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Focusing on Florida's purge of gay and lesbian teachers from 1956 to 1965, this study explores how the Florida Legislative Investigation Committee, commonly known as the Johns Committee, investigated and discharged dozens of teachers on the basis of sexuality. Karen L. Graves details how teachers were targeted, interrogated, and stripped of their professional credentials, and she examines the extent to which these teachers resisted the invasion of their personal lives. She contrasts the experience of three groups--civil rights activists, gay and lesbian teachers, and University of South Florida personnel--called before the committee and looks at the range of response and resistance to the investigations.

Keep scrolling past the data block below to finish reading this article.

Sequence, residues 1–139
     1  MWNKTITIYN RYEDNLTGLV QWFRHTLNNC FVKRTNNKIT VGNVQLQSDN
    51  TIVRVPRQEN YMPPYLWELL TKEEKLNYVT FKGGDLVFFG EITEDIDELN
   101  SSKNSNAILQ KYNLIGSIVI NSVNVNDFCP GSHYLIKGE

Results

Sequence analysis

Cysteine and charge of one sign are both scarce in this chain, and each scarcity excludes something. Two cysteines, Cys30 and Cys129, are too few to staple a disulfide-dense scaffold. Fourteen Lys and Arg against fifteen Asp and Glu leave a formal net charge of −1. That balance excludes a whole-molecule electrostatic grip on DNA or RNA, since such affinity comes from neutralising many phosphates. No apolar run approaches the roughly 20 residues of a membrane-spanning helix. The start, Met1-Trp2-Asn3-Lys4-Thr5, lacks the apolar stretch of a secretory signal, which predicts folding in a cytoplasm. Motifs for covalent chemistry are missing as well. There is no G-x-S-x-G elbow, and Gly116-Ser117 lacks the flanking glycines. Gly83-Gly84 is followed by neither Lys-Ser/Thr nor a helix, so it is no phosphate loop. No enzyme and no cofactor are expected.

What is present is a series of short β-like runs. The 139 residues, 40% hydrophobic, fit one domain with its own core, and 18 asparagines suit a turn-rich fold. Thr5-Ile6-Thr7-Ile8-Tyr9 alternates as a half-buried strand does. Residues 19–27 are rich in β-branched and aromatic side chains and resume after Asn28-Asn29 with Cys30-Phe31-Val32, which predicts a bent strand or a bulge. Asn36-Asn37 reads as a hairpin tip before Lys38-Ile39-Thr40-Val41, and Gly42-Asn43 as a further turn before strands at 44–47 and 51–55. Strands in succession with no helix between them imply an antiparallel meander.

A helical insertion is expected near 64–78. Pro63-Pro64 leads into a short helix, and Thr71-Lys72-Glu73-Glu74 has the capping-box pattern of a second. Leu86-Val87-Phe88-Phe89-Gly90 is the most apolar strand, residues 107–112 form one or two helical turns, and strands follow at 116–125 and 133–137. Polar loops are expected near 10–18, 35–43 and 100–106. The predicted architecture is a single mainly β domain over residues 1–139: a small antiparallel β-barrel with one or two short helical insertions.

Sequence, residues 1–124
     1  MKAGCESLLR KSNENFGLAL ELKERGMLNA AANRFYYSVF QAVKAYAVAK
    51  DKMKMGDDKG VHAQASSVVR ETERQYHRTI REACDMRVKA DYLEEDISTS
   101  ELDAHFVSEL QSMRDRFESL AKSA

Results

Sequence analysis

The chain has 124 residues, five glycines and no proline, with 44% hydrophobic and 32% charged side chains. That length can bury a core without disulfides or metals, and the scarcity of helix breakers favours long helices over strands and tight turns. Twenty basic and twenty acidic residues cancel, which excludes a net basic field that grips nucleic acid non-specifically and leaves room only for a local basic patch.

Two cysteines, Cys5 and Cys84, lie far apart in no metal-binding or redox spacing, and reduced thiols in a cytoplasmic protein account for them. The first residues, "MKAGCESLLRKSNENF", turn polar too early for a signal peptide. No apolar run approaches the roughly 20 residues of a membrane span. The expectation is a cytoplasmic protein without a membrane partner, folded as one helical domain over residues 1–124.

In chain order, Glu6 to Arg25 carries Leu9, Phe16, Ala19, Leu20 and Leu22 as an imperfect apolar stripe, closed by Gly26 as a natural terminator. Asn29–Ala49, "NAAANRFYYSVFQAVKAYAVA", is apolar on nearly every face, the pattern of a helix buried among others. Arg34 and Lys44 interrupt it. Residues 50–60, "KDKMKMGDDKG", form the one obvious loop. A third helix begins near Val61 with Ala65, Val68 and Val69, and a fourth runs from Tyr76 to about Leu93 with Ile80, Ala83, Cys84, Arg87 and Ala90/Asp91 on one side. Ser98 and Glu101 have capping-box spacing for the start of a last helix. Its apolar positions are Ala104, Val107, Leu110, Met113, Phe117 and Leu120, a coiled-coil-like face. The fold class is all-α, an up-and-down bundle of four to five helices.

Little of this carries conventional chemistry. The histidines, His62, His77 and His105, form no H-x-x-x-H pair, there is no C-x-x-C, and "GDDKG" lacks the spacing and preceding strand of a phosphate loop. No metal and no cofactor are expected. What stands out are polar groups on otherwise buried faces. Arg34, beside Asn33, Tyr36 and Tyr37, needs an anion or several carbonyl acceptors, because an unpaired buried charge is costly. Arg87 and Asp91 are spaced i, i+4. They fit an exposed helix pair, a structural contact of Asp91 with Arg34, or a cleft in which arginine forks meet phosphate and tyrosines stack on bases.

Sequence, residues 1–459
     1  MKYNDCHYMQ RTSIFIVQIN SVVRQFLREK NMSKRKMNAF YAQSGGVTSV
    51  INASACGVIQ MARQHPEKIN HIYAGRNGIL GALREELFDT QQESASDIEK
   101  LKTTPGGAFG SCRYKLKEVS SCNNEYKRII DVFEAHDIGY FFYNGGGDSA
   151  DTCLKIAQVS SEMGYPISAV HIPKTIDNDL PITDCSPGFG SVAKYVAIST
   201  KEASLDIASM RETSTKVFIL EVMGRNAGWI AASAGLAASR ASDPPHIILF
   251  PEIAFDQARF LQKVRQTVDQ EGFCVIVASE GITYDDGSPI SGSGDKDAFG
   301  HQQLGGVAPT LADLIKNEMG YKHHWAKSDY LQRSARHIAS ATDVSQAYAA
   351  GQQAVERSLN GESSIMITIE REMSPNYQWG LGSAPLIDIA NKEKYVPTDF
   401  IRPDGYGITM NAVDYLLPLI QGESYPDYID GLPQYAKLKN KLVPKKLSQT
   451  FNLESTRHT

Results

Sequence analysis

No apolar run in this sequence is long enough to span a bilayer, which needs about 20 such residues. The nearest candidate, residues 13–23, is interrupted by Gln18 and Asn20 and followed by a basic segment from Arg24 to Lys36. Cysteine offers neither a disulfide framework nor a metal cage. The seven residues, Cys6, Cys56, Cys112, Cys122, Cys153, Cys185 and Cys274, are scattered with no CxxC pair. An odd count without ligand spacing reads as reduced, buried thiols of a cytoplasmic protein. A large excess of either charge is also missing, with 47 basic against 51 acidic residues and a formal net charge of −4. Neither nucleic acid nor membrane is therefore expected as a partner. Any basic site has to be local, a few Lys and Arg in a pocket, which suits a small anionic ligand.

Based on archival research conducted on a recently opened series of Investigation Committee records in the State Archives of Florida, this work highlights the importance of sexuality in American and education history and argues that Florida's attempt to govern sexuality in schools implies that educators are distinctly positioned to transform dominant ideology in American society.